I’ve been thinking a lot recently about the stereotype of the ‘bitchy girl’, and its origin. I’m guilty of perpetuating it myself - a number of times in the past I’ve made the observation that I have more male friends than female friends (which is for the most part still true, but I'm working on it), and said things like ‘I just get along better with guys’, ‘guys are just easier to be around’ or even ‘I just don’t like bitchy girl drama’.
But why is this something which I associate with my gender? I can’t deny that I have encountered women who seem to me to fit this stereotype throughout my life, or at least indulge in it every once in a while, myself included. I’ve lost count of the number of conversations I had growing up in which I’d gossip about another girl’s love life, or call her a ‘slag’ (I hate my past self for feeling that it was acceptable to use that word), shaming her for being sexually liberated, or the way she dressed, or her new haircut, or the amount of weight she’d gained. I thought nothing of it. But where does this instinct to tear each other down come from?
If my little sister comes home from school upset about something another girl has said to her, my automatic response is to reassure her by telling her that the negative behaviour is probably coming from a place of low self esteem. I make the connection between a young woman having a low opinion of herself, and tearing another female down to make herself feel better. Obviously it doesn’t justify her behaviour, but, as someone who thinks about other peoples’ intentions a lot, I generally find it reassuring to understand that the negative behaviour is explainable. And so does my sister. But why do I make this connection? And why is making another female feel inferior an immediate and acceptable reaction to having low self esteem? And where does this low self esteem come from in the first place?
So far we have three factors to this equation - low self esteem leads to tearing other girls down leads to the stereotype of the ‘bitchy girl’ being formed. Obviously this is vastly simplified, but for the sake of forming my theory let it be so.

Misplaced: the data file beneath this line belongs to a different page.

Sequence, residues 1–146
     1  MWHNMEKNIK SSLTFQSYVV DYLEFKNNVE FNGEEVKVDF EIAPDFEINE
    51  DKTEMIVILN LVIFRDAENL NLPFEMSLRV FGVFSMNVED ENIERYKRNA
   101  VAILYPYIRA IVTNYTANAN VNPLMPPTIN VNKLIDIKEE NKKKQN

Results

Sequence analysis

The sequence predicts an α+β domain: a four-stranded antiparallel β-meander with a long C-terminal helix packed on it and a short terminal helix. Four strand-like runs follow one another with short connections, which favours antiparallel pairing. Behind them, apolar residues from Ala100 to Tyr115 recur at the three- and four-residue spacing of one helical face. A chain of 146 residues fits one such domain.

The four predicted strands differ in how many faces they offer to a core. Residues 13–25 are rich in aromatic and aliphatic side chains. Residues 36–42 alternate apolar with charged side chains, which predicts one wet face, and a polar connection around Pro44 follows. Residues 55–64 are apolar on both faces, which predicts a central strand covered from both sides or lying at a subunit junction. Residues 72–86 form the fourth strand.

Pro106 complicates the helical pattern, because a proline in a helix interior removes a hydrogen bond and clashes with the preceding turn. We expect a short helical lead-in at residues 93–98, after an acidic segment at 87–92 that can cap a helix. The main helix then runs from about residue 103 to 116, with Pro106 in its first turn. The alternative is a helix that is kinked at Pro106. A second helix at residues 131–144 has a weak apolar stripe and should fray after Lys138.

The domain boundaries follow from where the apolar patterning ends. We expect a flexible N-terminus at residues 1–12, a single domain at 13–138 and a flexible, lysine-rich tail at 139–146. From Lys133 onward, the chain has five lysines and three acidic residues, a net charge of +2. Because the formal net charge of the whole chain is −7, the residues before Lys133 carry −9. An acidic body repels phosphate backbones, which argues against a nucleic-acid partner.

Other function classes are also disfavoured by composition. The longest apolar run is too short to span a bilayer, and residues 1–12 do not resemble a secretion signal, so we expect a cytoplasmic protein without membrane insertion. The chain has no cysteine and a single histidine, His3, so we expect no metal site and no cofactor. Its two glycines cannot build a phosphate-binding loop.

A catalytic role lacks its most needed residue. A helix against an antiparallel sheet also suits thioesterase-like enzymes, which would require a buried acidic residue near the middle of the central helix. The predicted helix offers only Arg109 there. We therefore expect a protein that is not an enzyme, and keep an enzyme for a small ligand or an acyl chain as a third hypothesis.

It is my opinion and theory that the media which young women are exposed to, including social media, as they are navigating puberty, carries a huge amount of responsibility for this problem. Now I am not claiming that the stereotype of women being gossipy or bitchy did not exist before social media, or films, or magazines, or television. I am merely connecting my observations of female behaviour in the modern world that I live in with the media which I, and girls younger than me, have been exposed to.
So let’s get back to my equation, starting with the low self esteem. One of my most vivid memories as a 13-year-old girl is of myself, alone in my room, looking at a picture of Miley Cyrus - who at that point was rail-thin - and crying because I did not look like her. I was on the large side as a young girl, and from about the age of 8 or 9 I was obsessed with magazines. I would leaf through page after page of pictures of models and celebrities who were half my size, staring at clothes I couldn’t wear because they wouldn’t fit me or suit me, wishing and hoping that I could just cut myself in half, that I could just look like the girls in these magazines. I thought that was all that mattered. And actually today I still have the same problem, it’s just been transferred to social media. My instagram feed is full of models in bikinis. I say that it’s for ‘inspiration’ for me to eat healthier and get fitter. But I already eat healthily. I am already (fairly) physically fit. Every time I see one of these pictures of a woman who is thinner, prettier, more tanned and toned than me, there is an element of myself at 13 years old, staring at that picture of Miley Cyrus.